Illustration of how Intel's big data analytics platform collects medial data from Parkinson's patients with wearable devices. [Photo: intel]
While big data is sweeping the world Alessandro Guarnone Jersey , China's big data industry is being impeded by government monopoly and companies' limited access to public data, the Economic Information Daily reports.

Following visits to big data companies and regional government departments, the newspaper found that the lack of open public data and unified data standardsplatforms forces companies to waste effort and pay higher costs for basic services.

For example, information such as public transportation routes, as well as user and business identity verifications on classified information websites, are not accessible to IT companies. Companies have to extract the information from public transportation companies or assign employees to manage user verifications individually, increasing lots of costs.

More than 3,300 of 5,500 employees for 58, China's Craigslist-like classifieds site for local merchants, are mainly involved in verifying user information, according to Qu Ziheng, head of the company's Governmental Affairs Department.

So why is public data is so hard to get here? There are three main reasons. First, the data belongs to many different departments and organizations, and converging a large amount of data into one pool from so many different sources is a tremendous challenge.

Second, the various data platforms do not share the same standards, and changing them into one unified standard entails considerable costs.

Moreover, some departments that possess rich data resources are reluctant to share, further adding to the barriers, according to the newspaper.

"Government data is public property and belongs to citizens. It should be available to citizens in the name of guaranteed national security, individual privacy and commercial confidentiality," said Li Guojie, director of the China Computer Federation's Expert Committee on Big Data.

Li suggested that three kinds of data should be made public: first, information needed for operations between government departments, such as individuals' credit ratings. Second, information for administrators of various operations. Third, research and policy information, to enable the results to be used to draft new policies.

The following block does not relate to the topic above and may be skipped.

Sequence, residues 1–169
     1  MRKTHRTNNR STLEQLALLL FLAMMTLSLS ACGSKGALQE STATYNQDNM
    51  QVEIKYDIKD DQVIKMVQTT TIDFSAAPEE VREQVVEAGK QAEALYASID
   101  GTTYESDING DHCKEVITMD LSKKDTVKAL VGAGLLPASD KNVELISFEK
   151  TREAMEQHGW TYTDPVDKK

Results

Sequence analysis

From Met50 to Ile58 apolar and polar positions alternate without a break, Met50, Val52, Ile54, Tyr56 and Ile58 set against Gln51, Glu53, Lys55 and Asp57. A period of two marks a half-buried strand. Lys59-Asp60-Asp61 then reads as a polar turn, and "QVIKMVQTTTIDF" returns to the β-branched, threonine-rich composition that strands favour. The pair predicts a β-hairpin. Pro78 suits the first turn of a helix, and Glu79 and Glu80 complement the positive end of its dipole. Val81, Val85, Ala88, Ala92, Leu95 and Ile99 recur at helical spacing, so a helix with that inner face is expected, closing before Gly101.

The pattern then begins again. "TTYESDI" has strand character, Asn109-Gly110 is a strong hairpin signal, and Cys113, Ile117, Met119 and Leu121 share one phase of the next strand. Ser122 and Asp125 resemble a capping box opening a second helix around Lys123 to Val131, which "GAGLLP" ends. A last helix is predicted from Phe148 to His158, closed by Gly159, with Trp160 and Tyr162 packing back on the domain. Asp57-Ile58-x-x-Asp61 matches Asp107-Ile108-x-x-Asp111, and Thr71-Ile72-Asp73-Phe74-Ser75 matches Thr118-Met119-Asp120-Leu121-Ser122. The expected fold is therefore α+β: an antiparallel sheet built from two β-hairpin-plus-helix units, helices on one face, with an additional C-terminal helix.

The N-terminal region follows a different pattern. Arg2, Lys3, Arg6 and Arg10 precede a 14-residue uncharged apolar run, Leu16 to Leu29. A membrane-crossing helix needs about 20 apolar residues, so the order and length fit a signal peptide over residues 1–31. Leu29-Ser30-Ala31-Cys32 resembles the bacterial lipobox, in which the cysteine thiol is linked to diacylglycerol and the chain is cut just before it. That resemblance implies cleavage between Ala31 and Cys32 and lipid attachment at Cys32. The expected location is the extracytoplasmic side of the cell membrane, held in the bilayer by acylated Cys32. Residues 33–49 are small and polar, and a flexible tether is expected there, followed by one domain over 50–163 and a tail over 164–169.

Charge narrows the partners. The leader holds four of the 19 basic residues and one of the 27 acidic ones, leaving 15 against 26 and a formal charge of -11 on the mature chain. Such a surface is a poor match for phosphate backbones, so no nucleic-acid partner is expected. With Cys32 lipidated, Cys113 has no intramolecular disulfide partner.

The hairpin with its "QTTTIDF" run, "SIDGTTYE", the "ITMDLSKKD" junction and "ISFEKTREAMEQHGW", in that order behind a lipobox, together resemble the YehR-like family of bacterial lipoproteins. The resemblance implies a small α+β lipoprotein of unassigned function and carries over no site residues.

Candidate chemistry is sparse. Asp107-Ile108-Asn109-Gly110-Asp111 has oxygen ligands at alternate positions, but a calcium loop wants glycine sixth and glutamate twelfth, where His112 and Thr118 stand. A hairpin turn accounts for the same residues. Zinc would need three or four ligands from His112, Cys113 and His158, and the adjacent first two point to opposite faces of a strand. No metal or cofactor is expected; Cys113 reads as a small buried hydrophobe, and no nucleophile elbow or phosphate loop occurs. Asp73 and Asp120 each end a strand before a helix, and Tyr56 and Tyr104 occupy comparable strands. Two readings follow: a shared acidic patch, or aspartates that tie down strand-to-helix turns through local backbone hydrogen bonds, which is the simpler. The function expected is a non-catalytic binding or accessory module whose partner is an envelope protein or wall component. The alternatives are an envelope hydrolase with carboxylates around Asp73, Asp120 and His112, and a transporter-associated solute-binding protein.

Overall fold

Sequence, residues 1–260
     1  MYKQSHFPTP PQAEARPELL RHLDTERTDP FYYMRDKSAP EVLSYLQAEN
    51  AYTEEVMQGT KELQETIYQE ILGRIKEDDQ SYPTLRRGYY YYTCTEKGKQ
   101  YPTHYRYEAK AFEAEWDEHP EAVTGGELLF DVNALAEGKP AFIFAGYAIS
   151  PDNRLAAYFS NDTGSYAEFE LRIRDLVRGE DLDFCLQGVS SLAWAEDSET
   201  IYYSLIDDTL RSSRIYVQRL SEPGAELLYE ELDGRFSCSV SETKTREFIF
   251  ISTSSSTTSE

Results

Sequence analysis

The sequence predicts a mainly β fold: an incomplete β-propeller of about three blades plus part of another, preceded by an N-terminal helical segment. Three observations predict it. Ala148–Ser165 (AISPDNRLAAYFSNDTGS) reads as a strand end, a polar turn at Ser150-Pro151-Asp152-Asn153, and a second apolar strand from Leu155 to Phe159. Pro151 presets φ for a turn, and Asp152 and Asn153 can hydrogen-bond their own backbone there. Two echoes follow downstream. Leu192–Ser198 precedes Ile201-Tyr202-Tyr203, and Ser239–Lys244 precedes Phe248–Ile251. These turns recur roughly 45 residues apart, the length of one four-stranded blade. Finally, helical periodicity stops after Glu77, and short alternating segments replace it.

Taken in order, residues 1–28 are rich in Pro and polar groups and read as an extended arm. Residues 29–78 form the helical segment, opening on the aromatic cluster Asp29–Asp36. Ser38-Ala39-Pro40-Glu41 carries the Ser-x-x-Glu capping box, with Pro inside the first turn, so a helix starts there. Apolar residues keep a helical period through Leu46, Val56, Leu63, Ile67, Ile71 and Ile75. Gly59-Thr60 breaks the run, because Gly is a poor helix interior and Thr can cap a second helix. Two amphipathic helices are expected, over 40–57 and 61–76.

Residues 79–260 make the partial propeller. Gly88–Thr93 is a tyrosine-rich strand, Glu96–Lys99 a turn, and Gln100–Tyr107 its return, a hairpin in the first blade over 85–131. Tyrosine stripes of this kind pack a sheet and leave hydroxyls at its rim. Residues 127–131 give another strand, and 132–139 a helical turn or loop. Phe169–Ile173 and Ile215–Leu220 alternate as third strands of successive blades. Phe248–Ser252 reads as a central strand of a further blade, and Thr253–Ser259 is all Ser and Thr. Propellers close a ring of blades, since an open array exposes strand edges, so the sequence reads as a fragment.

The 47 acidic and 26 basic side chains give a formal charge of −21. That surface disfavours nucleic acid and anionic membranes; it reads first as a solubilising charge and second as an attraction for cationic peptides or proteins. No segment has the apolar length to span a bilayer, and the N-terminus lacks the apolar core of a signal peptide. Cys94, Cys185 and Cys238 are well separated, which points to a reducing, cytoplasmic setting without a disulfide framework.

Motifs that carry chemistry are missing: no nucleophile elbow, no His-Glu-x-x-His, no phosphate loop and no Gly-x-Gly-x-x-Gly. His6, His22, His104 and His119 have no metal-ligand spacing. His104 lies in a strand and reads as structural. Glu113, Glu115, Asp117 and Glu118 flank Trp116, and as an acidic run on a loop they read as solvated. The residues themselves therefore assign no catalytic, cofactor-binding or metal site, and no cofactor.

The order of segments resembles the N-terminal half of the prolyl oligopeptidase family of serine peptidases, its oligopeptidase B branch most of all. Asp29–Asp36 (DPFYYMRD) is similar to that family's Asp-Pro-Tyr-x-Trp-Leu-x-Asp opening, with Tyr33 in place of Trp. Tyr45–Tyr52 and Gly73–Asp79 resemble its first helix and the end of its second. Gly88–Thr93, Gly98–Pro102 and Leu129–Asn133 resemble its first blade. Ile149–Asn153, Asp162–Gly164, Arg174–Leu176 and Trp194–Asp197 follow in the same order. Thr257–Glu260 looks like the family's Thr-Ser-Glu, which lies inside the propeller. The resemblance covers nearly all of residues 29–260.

The newspaper noted that developed countries like the U.S., the UK and Japan have made major efforts to make public big data available. Li pointed out that greater openness could lead to better economic results, with the UK saving about 33 billion pounds on government expenditure through effective use of big data technology.

Industry insiders said the government should have a clear position in its role in promoting big data. It should draw the boundaries, push for shared platforms and standards, and fully utilize resources to help the industry develop.

LONDON, March 2 (Xinhua) -- Young Britons woke up to front page headlines Wednesday telling them they'd have to work well unto their 70s or even 80s before qualifying for a state pension.

Most national newspapers cited 75 as the likely retirement age of the future, but the Sun said experts they had spoken too raised the prospect of people having to work until they are in their 80s.

The media frenzy came after the government confirmed Tuesday an independent review of the future state pension age.

Sir John Cridland, the former head of the Confederation of British Industry has been recruited to produce the review to be published in May 2017.

"The review is to consider changes in life expectancy, wider changes in society and help ensure the State Pension remains sustainable," said the Department for Work and Pensions. "It will consider a wide range of evidence, including whether the current system of a universal state pension age rising in line with life expectancy is optimal in the long run."

Minister for Pensions Baroness Ros Altmann said she was confident Cridland will produce a carefully considered review of an issue which affects the lives of millions of people.

"As our society changes it is only right that we continue to review state pension ages and take into account the relevant factors to make sure that the state pension is sustainable and affordable for future generations," she said.

Cridland has been tasked with recommending future state pension age arrangements, including what would be a suitable retirement age.

The one-time retirement age at 60 for women is gradually rising to match that of men. Currently, Britain's state pension age is scheduled to rise to 67 for both men and women by 2028.

The new study will also consider whether "the current system of a universal state pension age" rising in line with life expectancy was "optimal in the long run."

Retirement expert Tom McPhail of financial services firm Hargreaves Lansdown, said: "We fully expect state pension ages to go up faster than currently planned, and those joining the workforce today are likely to find themselves waiting until their mid-70s to get a payout from the state system."

The Sun newspaper quoted former pensions minister Steve Webb as saying young people face working until they are 81 before they can afford to retire.

Webb, a director at fund manager Royal London, calculated a future average earner making the minimum pension contribution from the age of 22 may have to work until 77 to match their parents' retirement pot, and in central London, some may have to work to the age of 81 to maintain their standard of living.

Labor opposition's work and pensions spokesman Owen Smith warned that Conservative government pension changes throw into chaos the retirement plans of millions of British workers.

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